In an exclusive OCN Party Q interview, we get to know "Cobra Kai" star Martin Kove a little bit better!
Cobra Kai Season 2 just dropped on YouTube Premium, so we thought this would be a great time to catch up with Martin Kove -- who plays "No Mercy" karate sensei John Kreese -- and ask him a few party questions!
Martin Kove's iconic role as John Kreese in The Karate Kid franchise, and now the Cobra Kai franchise (its continuation), takes savagery to the next level.
I recently talked with Martin at length about Cobra Kai, as well as his role in Quentin Tarantino's Once Upon a Time In Hollywood, for Hidden Remote Magazine and Commyounicate Magazine (links below), and he was willing to continue the conversation and answer some fun questions for our readers here at Our Community Now as well!
Here's what Martin Kove had to say!
Photo Credit, Bryan David Hall. Courtesy, MWPR.
Cobra Kai Season 2 is now on YouTube Premium. Once Upon a Time in Hollywood hits theaters worldwide on July 26, 2019.
OCN Interviewer, Ryan Mekkes: Who would win in a fight -- Chuck Norris or Mr. Miyagi?
MARTIN KOVE: Mr. Miyagi.
OCN: Who is the goofiest co-star you have ever worked with?
MARTIN KOVE: The goofiest I ever worked with who I experienced was Robin Williams in person.
OCN: And who out of all your co-stars has had the best hair?
MARTIN KOVE: Best hair? Gene Barry, who had his own TV series, western. Had great hair.
OCN: What has been your favorite scene ever to film?
MARTIN KOVE: I'll give you two. One with Kevin Costner in Wyatt Earp where I punch him out, and the second one would be actually the "No Mercy" scene with Billie Zabka in Karate Kid.
OCN: Hmm, awesome. The original Karate Kid?
MARTIN KOVE: Yeah, the original. Where I wipe his nose with the blood.
OCN: Awesome. Okay, what's your favorite car?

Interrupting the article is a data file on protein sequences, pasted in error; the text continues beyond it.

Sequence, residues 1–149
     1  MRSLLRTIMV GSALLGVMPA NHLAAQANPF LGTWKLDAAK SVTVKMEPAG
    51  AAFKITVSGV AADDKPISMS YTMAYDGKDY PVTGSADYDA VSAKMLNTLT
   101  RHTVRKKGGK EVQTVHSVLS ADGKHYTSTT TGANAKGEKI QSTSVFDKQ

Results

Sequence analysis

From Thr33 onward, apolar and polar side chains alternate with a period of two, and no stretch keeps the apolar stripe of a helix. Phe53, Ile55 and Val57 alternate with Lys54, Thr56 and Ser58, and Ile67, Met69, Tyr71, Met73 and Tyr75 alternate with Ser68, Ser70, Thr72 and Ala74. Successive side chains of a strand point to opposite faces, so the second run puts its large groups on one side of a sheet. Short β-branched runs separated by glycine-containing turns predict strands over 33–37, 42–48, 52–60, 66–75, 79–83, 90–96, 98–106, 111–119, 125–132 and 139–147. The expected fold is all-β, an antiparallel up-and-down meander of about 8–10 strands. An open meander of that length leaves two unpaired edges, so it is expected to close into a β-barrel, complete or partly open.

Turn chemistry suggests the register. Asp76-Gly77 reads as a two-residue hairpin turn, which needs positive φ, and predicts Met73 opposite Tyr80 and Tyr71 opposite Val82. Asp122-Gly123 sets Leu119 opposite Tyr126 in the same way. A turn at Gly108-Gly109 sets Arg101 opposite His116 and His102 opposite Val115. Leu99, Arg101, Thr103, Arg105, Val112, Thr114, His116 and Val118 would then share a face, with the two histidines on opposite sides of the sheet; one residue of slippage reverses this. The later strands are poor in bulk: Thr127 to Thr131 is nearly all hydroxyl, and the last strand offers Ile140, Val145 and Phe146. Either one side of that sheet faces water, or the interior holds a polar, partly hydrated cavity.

MARTIN KOVE: My favorite car ... there are so many. My favorite car would be -- there's a couple, but I think my favorite car as a child was an XKE convertible Jaguar. I lived, ate, and breathed to have one. And, of course, my parents could never afford me one of those. But KE convertible, probably 1965 circa.
OCN: Do you like fake Christmas trees or real ones?
MARTIN KOVE: Real ones.
OCN: Okay, what's your favorite holiday?
MARTIN KOVE: Passover. The Jewish holiday of Passover is my favorite holiday.
OCN: Very cool. What's the hardest you've ever laughed?
MARTIN KOVE: The hardest I've ever laughed was meeting Robin Williams at a place called Two Bunch Palms. He had just come out of getting a massage. And you know how tired you are when you get a massage -- you're exhausted. Well, he came out, and we were waiting to go in. And this is -- I guess, 1981 -- when I had just gotten married. My wife and I, we were there. And he did 45 minutes on waiting for subways in New York. He sat down with us exhausted from a two-hour massage and deep tissue stuff, because we talked about that, and he did 45 minutes of how it is to get around New York on the subways. We were on the floor. We never made it to our massage. We blew it off because myself, my wife, and another couple were just on the floor in the waiting room. It was so funny .... He had us in stitches. I wouldn't think I could laugh any harder than that, ever.
OCN: That is so funny!
MARTIN KOVE: He just was on! Cat was just on, you know?
OCN: That's incredible. Okay, so what's your favorite thing about acting?